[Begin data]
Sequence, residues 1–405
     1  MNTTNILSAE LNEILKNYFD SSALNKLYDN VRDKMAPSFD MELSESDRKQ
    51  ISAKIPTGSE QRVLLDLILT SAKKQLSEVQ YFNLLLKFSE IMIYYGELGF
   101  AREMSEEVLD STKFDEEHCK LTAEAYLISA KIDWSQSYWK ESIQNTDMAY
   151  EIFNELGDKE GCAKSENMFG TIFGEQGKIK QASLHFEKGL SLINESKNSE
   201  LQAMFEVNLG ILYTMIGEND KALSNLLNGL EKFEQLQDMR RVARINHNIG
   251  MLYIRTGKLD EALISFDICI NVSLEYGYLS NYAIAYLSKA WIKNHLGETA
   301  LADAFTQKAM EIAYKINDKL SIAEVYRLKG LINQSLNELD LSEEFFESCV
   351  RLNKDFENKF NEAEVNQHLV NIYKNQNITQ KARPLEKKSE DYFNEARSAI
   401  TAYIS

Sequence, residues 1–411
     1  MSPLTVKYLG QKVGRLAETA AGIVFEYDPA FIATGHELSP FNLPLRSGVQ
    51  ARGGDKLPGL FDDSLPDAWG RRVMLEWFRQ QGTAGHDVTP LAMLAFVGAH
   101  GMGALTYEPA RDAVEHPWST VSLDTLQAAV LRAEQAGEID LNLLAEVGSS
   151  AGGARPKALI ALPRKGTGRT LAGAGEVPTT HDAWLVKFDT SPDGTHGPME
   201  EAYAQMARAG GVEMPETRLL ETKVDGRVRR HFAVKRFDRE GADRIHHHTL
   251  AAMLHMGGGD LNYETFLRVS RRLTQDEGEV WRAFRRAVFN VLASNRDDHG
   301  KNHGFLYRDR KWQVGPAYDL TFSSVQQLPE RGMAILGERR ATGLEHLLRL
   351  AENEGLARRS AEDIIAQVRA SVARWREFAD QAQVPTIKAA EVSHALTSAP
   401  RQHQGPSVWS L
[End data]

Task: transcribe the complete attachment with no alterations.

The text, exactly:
Sequence, residues 1–405
     1  MNTTNILSAE LNEILKNYFD SSALNKLYDN VRDKMAPSFD MELSESDRKQ
    51  ISAKIPTGSE QRVLLDLILT SAKKQLSEVQ YFNLLLKFSE IMIYYGELGF
   101  AREMSEEVLD STKFDEEHCK LTAEAYLISA KIDWSQSYWK ESIQNTDMAY
   151  EIFNELGDKE GCAKSENMFG TIFGEQGKIK QASLHFEKGL SLINESKNSE
   201  LQAMFEVNLG ILYTMIGEND KALSNLLNGL EKFEQLQDMR RVARINHNIG
   251  MLYIRTGKLD EALISFDICI NVSLEYGYLS NYAIAYLSKA WIKNHLGETA
   301  LADAFTQKAM EIAYKINDKL SIAEVYRLKG LINQSLNELD LSEEFFESCV
   351  RLNKDFENKF NEAEVNQHLV NIYKNQNITQ KARPLEKKSE DYFNEARSAI
   401  TAYIS

Sequence, residues 1–411
     1  MSPLTVKYLG QKVGRLAETA AGIVFEYDPA FIATGHELSP FNLPLRSGVQ
    51  ARGGDKLPGL FDDSLPDAWG RRVMLEWFRQ QGTAGHDVTP LAMLAFVGAH
   101  GMGALTYEPA RDAVEHPWST VSLDTLQAAV LRAEQAGEID LNLLAEVGSS
   151  AGGARPKALI ALPRKGTGRT LAGAGEVPTT HDAWLVKFDT SPDGTHGPME
   201  EAYAQMARAG GVEMPETRLL ETKVDGRVRR HFAVKRFDRE GADRIHHHTL
   251  AAMLHMGGGD LNYETFLRVS RRLTQDEGEV WRAFRRAVFN VLASNRDDHG
   301  KNHGFLYRDR KWQVGPAYDL TFSSVQQLPE RGMAILGERR ATGLEHLLRL
   351  AENEGLARRS AEDIIAQVRA SVARWREFAD QAQVPTIKAA EVSHALTSAP
   401  RQHQGPSVWS L